The Fourth Amendment protects you against illegal search and seizure. So does the Texas state constitution.
This means that when police officers break the law and obtain evidence in an investigation in a way that violates your rights, your attorney can file a Motion to Suppress that evidence. If the Motion is successful, no jury will hear that evidence and the District Attorney’s case will be just that weaker.
What’s the difference between state illegal search and seizure law and federal illegal search and seizure law?
The major difference is that in Texas, illegal searches by private citizens are also covered, if the citizen broke the law at the time of the search.
What makes a search unreasonable?
A search is unreasonable if there was no valid search warrant at the time the search took place, or the search took place during a time when no valid exception to the warrant requirement was in force.
What must be included in a search warrant?
A search warrant is a written order issued by a judge. It must outline exactly what the police are to search for and where police shall search.
Judges may only issue these warrants if there is probable cause for the search. Probable cause means police have a reason to believe a crime has taken place.
That’s why in Texas, police attach an affidavit to their requests. This affidavit outlines all of the facts they’ve already gathered that give them probable cause for their search.
What are the main exceptions to a search warrant?
The first is consent, which is why we teach our clients to always make it clear that they do not consent to a search when it looks like a search of their home, person, or car is about to take place. While this doesn’t usually stop police from conducting the search, it can be useful to your case later, when your defense attorney is protesting it.
Another exception is when the search is “incident to a lawful arrest.”
Police can also gather evidence when it is in plain view, or in circumstances where you the defendant are deemed to have “no reasonable expectation of privacy.”
They can also conduct a warrantless search in circumstances where they are attempting to prevent evidence from being destroyed.
Officers can search your person if they fear for their safety or believe you’re carrying a weapon, if an arresting officer has requested backup but is currently alone, if your behavior seems threatening or if your surroundings seem suspicious.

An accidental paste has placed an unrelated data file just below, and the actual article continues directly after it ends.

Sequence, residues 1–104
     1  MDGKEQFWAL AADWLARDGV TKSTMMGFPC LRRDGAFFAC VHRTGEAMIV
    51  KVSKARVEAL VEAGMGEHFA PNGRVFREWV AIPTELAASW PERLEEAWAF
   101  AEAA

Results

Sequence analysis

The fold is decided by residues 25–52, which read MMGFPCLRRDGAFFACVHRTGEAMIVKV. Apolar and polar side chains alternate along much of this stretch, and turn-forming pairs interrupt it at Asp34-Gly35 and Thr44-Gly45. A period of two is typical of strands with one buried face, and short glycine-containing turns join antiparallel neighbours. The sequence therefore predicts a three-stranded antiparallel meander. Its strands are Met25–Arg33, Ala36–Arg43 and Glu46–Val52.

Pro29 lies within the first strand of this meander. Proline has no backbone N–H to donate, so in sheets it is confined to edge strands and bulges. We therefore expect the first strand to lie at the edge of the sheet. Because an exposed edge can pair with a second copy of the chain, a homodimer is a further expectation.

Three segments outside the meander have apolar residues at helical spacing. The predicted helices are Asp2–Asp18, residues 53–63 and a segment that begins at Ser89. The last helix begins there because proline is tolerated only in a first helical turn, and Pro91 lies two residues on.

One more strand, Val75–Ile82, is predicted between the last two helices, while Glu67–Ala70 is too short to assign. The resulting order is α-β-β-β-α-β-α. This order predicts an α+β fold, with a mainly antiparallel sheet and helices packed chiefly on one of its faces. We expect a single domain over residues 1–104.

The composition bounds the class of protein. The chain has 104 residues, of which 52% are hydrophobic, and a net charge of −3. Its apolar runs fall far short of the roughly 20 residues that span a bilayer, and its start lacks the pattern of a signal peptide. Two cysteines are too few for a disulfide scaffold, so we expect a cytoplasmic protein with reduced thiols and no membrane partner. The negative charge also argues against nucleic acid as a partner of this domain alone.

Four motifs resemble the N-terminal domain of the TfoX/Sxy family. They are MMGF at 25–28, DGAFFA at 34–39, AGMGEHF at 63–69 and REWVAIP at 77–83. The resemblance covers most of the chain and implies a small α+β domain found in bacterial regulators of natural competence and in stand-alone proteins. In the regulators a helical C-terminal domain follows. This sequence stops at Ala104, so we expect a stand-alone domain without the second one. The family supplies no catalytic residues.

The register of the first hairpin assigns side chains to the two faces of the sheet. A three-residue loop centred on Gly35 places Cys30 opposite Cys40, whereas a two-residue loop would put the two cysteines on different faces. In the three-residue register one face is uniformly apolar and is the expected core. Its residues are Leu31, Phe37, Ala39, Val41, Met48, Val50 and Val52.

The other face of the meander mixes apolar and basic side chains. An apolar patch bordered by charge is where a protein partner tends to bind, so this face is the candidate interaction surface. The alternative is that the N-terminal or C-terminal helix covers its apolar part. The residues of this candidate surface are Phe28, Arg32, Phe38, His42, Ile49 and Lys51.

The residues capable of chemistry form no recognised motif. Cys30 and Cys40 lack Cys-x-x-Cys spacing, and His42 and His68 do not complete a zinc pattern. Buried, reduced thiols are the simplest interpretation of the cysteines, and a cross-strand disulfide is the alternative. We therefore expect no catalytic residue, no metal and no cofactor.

Finally, they may search if they had probable cause to stop your vehicle, and are searching your vehicle specifically.
Can the police search my cell phone without a warrant?
In 2013 the Supreme Court ruled against the use of a warrantless cell phone search in Riley v. California. Police must obtain a warrant to search a phone, even if you’re already under arrest.
“Cell phones differ in both a quantitative and a qualitative sense from other objects that might be carried on an arrestee’s person. Notably, modern cell phones have an immense storage capacity. Before cell phones, a search of a person was limited by physical realities and generally constituted only a narrow intrusion on privacy. But cell phones can store millions of pages of text, thousands of pictures, or hundreds of videos. This has several interrelated privacy consequences. First, a cell phon collects in one place many distinct types of information that reveal much more in combination than any isolated record. Second, the phone’s capacity allows even just one type of information to convey far more than previously possible. Third, data on the phone can date back for years. In addition, an element of pervasiveness characterizes cell phones but not physical records. A decade ago, officers, might have occasionally stumbled across a highly personal item such as a diary, but today many of the more than 90% of American adults who own cell phones keep on their person a digital record of nearly every aspect of their lives.”
While it’s true that if you’re already sitting in a cell it is unlikely that a judge will refuse to grant police officers the warrant, this provision does grant you some help if police jump the gun.
What can your defense attorney do with an illegal search?
As mentioned, your defense lawyer can get all evidence obtained through an illegal search thrown out of court so a jury never hears it. We can also suppress any evidence directly produced by such a search, a phenomenon known as the “fruit of the poisoned tree.”
If You’ve Been Charged With a Crime, Get Help Today
Even if the police conducted an illegal search and seizure you’re not off the hook yet.
If you’ve been charged, you’ll need an experienced criminal defense lawyer to help you protect your rights. Reach out to Greco Neyland to get help right now.
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